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How to set up a support room

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A support room is a safe space set up by your school’s emergency response team after a student’s death. It is a place students can go to receive support and have some quiet time to reflect.

Also use a separate culturally appropriate space for any Aboriginal students. This is so community and family can gather. This lets Aboriginal people feel culturally safe. It allows them to express their grief without being judged.

Support rooms are:

  • on the school site
  • open in school hours only
  • a safe, supervised location
  • somewhere students can express grief.

While there, each student’s needs and expressions of grief must be:

  • responded to
  • monitored.

Set up these support rooms 24 hours after finding out about the student’s death

The space

If possible, these rooms should:

  • be set up in a small or medium-sized room
  • be private and easy to access
  • be appropriate for local cultures or religions
  • protect from noise, bright lights and high student traffic.

What to include

You could have:

  • water
  • coffee and tea, depending on student ages
  • tissues
  • cushions and bean bags
  • pens, paper and drawing materials
  • reflection pad
  • games and playing cards
  • information about appropriate support services
  • a sign-in sheet for students.

Why use a sign-in sheet

This sheet lets your staff check against the attendance role. It’s a way to identify any students who might need extra support.

Room supervision

At all times, staff should supervise these rooms.

To prepare for the role it can be helpful for staff to:

The most appropriate room supervisors have the skills to support student wellbeing. It’s vital they can confidently manage a group of distressed students.

Make sure room supervisors can easily communicate with your school’s emergency response team.

Role clarity

Talk about and define the role of each staff member who supervises the room. For example, someone could:

  • monitor the sign-in sheet
  • be free to offer support as needed
  • be the connection between the room and the rest of the school.

The room’s coordinator should know the school’s student wellbeing processes.

Do not use wellbeing staff as room coordinators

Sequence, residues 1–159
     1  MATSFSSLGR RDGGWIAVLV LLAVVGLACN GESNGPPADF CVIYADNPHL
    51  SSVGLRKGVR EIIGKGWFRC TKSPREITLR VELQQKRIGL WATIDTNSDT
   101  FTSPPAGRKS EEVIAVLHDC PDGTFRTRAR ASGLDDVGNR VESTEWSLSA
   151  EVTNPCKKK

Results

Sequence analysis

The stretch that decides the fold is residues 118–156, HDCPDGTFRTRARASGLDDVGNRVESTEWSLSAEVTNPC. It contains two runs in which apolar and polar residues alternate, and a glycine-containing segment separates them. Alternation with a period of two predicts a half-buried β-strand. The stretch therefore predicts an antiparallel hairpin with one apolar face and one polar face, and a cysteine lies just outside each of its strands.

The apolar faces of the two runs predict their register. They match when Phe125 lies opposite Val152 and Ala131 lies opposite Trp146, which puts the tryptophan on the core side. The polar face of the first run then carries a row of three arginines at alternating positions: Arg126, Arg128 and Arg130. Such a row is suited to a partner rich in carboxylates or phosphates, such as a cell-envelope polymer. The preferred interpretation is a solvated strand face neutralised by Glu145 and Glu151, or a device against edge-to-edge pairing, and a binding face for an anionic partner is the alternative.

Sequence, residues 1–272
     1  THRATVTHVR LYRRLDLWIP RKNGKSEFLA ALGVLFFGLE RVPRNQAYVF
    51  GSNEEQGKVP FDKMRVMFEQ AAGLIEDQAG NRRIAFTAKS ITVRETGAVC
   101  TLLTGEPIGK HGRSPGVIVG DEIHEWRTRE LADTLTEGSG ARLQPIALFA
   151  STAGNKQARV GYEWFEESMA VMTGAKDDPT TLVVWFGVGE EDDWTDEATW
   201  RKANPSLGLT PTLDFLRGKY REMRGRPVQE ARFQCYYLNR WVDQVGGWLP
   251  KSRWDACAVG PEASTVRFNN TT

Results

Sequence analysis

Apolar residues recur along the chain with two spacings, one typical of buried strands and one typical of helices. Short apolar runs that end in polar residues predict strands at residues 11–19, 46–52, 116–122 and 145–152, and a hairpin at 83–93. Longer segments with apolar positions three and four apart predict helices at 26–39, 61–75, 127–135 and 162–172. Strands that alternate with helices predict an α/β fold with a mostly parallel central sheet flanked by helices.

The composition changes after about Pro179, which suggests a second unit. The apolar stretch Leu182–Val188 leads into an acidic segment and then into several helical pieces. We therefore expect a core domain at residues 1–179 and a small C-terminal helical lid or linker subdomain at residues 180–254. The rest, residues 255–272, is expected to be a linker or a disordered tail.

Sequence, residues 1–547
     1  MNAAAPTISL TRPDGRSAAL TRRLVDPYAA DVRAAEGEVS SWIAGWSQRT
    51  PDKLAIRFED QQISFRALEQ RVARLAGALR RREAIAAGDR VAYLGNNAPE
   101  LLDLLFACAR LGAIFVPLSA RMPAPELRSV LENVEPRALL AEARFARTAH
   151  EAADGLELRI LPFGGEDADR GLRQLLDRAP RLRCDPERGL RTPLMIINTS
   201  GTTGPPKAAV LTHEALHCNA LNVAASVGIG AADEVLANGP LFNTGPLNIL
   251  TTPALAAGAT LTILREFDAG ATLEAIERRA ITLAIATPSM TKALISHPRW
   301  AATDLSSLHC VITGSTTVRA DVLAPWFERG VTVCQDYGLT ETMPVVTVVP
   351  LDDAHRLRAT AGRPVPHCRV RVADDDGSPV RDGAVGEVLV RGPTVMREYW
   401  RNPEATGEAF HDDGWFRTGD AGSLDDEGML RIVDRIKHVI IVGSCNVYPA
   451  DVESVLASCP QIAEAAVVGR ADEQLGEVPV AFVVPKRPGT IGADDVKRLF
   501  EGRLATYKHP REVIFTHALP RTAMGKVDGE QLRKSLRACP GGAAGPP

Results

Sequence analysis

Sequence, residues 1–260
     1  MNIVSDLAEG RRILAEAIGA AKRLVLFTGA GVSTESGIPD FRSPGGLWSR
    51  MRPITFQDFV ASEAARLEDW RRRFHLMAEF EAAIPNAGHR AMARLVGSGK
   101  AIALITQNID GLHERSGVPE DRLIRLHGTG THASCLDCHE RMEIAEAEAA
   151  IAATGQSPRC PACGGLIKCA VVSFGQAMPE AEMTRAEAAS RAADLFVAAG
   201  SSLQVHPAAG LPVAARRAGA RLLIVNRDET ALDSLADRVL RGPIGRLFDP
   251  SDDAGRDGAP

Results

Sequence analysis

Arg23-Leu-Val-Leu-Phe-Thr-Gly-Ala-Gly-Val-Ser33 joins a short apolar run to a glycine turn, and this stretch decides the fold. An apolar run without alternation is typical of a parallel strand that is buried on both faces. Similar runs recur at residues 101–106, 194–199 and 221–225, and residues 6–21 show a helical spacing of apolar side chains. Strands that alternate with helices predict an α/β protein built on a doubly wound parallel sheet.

Wellbeing staff should not coordinate the room. This includes:

  • school counsellors
  • student wellbeing leaders
  • wellbeing coordinators
  • student support service officers.

Keep these staff free to support individual students. They need to do this in a safe space.

Access to the room

Let distressed students access the room for several days after the incident. Monitor student movement to and from the room. Make sure students:

  • return to class
  • are collected by parents or carers, or
  • return to the company of supportive friends at recess or lunch.

How supervising staff can help

Students might want to talk about the traumatic death. As you respond, think about the age and development of each student.

Talk with students

  • Listen.
  • Acknowledge what happened.
  • Let students know you care.

'I’m here for you if you want to talk.'

  • Acknowledge their feelings – allow expressions of anger, guilt and blame.
  • Accept their behaviour – crying, being quiet, laughing.
  • Be patient. A student might need to tell their story more than once. Do not interrupt or judge. This helps them make sense of and come to terms with what happened.

Talk to the student about what support is available if they feel overwhelmed. Let them know:

  • who they can talk to
  • places they can go to
  • resources they can use.

If a student doesn’t want to talk

It’s helpful for students to know there’s someone who’s aware of their situation and cares.

Allow students to sit and co-regulate. This can mean just sitting quietly and breathing. They might like to do some mindfulness colouring-in, play with fidget toys or sit in silence alongside other students.

You can help students honour their loss by doing something that’s meaningful to them.

If students are comfortable with the idea, encourage them to express their feelings. They could draw, or write a diary, letter or song. It might take a couple of days for them to be ready to do this kind of activity.

Helpful ways to behave and respond

What to do

  • Be truthful, honest and aware of your limits.
  • Acknowledge when you don't understand or know how to react to what a student is going through.

Language and behaviour to avoid

  • Saying 'committed suicide’ when referring to the traumatic death.
  • Using clichés or platitudes to comfort.
    For example, don’t say ‘you're so strong’, ‘time will heal’ or ‘they’re at peace now’.
  • Expressing judgement of the person who died.
    People need to come to their own understanding about what happened.

Don’t offer overly simple reasons for the student’s death. A traumatic death is very complex and there are usually many contributing factors.